= Quercus prinus / Rhododendron catawbiense - Kalmia latifolia Forest (Fleming and Coulling 2001)
? Quercus rubra - Tsuga canadensis / Rhododendron catawbiense Association, pro parte (Rawinski et al. 1996)
< Chestnut Oak: 44 (Eyre 1980)
Concept Author(s): K.D. Patterson and G.P. Fleming, mod. G.P. Fleming and P. Coulling
Author of Description: G. Fleming, P. Coulling, S.C. Gawler
Acknowledgements:
Version Date: 01Apr2010
References:
  • Coulling, P. P., and T. J. Rawinski. 1999. Classification of vegetation and ecological land units of the Piney River and Mt. Pleasant area, Pedlar Ranger District, George Washington and Jefferson National Forests, Virginia. Natural Heritage Technical Report 99-03, Virginia Department of Conservation and Recreation, Division of Natural Heritage, Richmond.
  • Eastern Ecology Working Group of NatureServe. No date. International Ecological Classification Standard: International Vegetation Classification. Terrestrial Vegetation. NatureServe, Boston, MA.
  • Eyre, F. H., editor. 1980. Forest cover types of the United States and Canada. Society of American Foresters, Washington, DC. 148 pp.
  • Fleming, G. P. 2002b. Preliminary classification of Piedmont & Inner Coastal Plain vegetation types in Virginia. Natural Heritage Technical Report 02-14. Virginia Department of Conservation and Recreation, Division of Natural Heritage, Richmond. 29 pp.
  • Fleming, G. P., and K. D. Patterson. 2003. Preliminary vegetation classification for the National Capitol Region parks. Regional (VA-WVA-MD-DC) analysis prepared for NatureServe and USGS-NPS Vegetation Mapping Program, March 2003. Virginia Department of Conservation and Recreation, Division of Natural Heritage, Richmond.
  • Fleming, G. P., and K. D. Patterson. 2009a. A vegetation classification for the Appalachian Trail: Virginia south to Georgia. Virginia Department of Conservation and Recreation, Division of Natural Heritage. In-house analysis, March 2009.
  • Fleming, G. P., and K. D. Patterson. 2009b. Classification of selected Virginia montane wetland groups. In-house analysis, December 2009. Virginia Department of Conservation and Recreation, Division of Natural Heritage, Richmond.
  • Fleming, G. P., and K. D. Patterson. 2011a. Natural communities of Virginia: Ecological groups and community types. Natural Heritage Technical Report 11-07. Virginia Department of Conservation and Recreation, Division of Natural Heritage, Richmond. 34 pp.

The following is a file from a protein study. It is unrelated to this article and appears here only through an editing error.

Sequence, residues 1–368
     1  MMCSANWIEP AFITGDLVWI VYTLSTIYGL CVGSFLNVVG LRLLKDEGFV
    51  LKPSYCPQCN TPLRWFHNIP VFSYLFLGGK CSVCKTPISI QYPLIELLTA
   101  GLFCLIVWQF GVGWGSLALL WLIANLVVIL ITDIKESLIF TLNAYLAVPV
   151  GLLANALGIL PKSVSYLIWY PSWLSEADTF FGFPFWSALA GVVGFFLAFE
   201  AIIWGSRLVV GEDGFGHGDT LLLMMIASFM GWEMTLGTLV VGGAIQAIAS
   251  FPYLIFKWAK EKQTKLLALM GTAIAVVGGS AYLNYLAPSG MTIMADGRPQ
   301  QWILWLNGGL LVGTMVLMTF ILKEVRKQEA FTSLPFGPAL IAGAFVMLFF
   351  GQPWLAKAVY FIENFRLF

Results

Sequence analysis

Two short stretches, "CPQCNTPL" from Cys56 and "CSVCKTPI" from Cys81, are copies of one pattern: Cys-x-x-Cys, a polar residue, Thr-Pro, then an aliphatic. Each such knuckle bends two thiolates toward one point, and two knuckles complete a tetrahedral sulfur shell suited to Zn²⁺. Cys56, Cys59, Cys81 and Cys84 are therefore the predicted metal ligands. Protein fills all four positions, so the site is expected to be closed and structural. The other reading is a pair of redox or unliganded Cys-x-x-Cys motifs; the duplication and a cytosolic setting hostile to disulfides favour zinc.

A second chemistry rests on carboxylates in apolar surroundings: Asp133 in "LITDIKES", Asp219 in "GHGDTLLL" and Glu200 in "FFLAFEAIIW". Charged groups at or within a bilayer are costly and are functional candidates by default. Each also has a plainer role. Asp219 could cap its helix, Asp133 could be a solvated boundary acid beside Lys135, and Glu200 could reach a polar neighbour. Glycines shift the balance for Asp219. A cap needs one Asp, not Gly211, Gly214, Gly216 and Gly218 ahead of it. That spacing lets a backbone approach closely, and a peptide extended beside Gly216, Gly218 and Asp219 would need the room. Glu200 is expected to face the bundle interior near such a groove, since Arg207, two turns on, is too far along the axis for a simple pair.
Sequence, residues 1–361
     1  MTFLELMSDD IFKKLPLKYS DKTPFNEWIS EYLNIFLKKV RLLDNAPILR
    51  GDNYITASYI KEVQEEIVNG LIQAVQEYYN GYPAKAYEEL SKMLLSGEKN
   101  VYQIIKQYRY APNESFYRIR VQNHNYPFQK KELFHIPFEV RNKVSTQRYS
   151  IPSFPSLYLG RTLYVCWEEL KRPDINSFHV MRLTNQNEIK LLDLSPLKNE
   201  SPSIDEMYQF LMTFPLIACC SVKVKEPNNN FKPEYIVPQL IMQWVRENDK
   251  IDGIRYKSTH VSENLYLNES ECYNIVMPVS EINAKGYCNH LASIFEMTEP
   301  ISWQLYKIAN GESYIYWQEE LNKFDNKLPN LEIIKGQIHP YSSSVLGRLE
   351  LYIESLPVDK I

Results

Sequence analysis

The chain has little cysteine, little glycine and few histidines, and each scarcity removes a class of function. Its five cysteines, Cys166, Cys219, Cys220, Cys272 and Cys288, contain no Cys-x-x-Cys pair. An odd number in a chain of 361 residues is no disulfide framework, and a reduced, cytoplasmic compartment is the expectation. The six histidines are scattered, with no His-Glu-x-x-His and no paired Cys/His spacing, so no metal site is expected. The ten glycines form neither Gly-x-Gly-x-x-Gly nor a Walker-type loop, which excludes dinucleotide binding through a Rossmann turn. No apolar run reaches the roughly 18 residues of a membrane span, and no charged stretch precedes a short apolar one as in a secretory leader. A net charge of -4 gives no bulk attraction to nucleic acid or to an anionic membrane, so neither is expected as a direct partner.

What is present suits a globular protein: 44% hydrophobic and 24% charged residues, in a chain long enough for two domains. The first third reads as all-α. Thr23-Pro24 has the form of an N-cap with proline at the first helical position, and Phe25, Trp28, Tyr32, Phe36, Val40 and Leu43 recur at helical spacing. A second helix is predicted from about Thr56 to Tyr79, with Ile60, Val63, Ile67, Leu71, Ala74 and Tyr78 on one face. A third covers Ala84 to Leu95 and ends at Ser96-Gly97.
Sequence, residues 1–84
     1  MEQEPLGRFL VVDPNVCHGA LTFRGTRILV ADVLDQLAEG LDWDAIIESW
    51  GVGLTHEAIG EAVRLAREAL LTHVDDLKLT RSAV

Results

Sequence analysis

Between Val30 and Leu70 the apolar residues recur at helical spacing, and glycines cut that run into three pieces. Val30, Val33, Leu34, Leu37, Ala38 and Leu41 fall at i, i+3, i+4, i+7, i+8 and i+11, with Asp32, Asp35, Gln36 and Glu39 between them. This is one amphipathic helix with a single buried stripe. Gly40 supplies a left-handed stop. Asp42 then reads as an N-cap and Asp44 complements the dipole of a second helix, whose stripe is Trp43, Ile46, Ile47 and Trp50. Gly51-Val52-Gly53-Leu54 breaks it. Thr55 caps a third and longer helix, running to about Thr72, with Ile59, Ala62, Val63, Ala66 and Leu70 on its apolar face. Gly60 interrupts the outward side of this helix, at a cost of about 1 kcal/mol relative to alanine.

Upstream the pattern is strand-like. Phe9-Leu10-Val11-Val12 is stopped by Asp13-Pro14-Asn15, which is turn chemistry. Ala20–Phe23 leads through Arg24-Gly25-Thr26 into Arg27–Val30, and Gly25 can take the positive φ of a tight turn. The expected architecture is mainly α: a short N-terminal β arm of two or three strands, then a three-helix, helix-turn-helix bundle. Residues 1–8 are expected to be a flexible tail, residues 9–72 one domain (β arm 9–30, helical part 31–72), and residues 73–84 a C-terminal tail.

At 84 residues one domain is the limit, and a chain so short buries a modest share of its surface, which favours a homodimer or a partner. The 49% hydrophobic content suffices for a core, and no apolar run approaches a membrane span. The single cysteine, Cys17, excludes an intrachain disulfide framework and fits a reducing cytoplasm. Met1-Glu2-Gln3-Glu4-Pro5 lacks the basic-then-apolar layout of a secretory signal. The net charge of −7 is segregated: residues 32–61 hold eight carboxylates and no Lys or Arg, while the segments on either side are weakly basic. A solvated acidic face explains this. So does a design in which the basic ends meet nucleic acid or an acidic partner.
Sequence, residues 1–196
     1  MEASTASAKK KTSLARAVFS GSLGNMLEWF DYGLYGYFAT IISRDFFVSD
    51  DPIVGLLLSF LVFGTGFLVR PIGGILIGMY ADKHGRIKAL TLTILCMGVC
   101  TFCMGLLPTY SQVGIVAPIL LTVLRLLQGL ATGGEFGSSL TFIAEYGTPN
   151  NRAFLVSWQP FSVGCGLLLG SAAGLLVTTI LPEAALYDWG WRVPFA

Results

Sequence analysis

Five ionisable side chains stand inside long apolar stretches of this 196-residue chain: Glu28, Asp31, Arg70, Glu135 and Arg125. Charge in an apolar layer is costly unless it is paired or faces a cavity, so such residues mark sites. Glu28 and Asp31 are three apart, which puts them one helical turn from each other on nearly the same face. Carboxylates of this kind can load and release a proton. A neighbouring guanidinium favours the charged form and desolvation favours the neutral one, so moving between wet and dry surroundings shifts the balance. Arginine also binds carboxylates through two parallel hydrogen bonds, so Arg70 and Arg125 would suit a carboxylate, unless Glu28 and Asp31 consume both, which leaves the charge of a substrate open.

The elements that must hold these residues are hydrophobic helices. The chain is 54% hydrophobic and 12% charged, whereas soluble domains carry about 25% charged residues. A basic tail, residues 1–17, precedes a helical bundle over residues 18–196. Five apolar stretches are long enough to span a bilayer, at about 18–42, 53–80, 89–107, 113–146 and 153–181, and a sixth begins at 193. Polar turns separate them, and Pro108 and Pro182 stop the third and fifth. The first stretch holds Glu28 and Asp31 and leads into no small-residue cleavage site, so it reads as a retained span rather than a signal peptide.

• Fleming, G. P., and P. P. Coulling. 2001. Ecological communities of the George Washington and Jefferson national forests, Virginia. Preliminary classification and description of vegetation types. Virginia Department of Conservation and Recreation, Division of Natural Heritage, Richmond, VA. 317 pp.
  • Fleming, G. P., P. P. Coulling, D. P. Walton, K. M. McCoy, and M. R. Parrish. 2001. The natural communities of Virginia: Classification of ecological community groups. First approximation. Natural Heritage Technical Report 01-1. Virginia Department of Conservation and Recreation, Division of Natural Heritage, Richmond, VA. 76 pp.
  • Fleming, G. P., P. P. Coulling, K. D. Patterson, and K. M. McCoy. 2004. The natural communities of Virginia: Classification of ecological community groups. Second approximation. Natural Heritage Technical Report 04-01. Virginia Department of Conservation and Recreation, Division of Natural Heritage, Richmond, VA. [http://www.dcr.virginia.gov/dnh/ncintro.htm]
  • Fleming, G. P., P. P. Coulling, K. D. Patterson, and K. Taverna. 2006. The natural communities of Virginia: Classification of ecological community groups. Second approximation. Version 2.2. Virginia Department of Conservation and Recreation, Division of Natural Heritage, Richmond. [http://www.dcr.virginia.gov/natural_heritage/ncTIV.shtml]
  • Newell, C. L. 1997. Local and regional variation in the vegetation of the southern Appalachian Mountains. Ph.D. dissertation, University of North Carolina, Chapel Hill. 1008 pp.
  • Rawinski, T. J., K. N. Hickman, J. Waller-Eling, G. P. Fleming, C. S. Austin, S. D. Helmick, C. Huber, G. Kappesser, F. C. Huber, Jr., T. Bailey, and T. K. Collins. 1996. Plant communities and ecological land units of the Glenwood Ranger District, George Washington and Jefferson national forests, Virginia. Virginia Department of Conservation and Recreation, Division of Natural Heritage. Natural Heritage Technical Report 96-20. Richmond. 65 pp. plus appendices.
  • Vanderhorst, J. P., B. P. Streets, Z. Arcaro, and S. C. Gawler. 2010. Vegetation classification and mapping at Gauley River National Recreation Area. Technical Report NPS/NER/NRTR--2010/148. National Park Service, Philadelphia, PA.
  • Vanderhorst, J. P., J. Jeuck, and S. C. Gawler. 2007. Vegetation classification and mapping of New River Gorge National River, West Virginia. Technical Report NPS/NER/NRTR-2007/092. National Park Service, Philadelphia, PA. 396 pp.
  • Wieboldt, Thomas F. Personal communication.
  • WVNHP [West Virginia Natural Heritage Program]. No date (b). Unpublished data. West Virginia Natural Heritage Program, Elkins.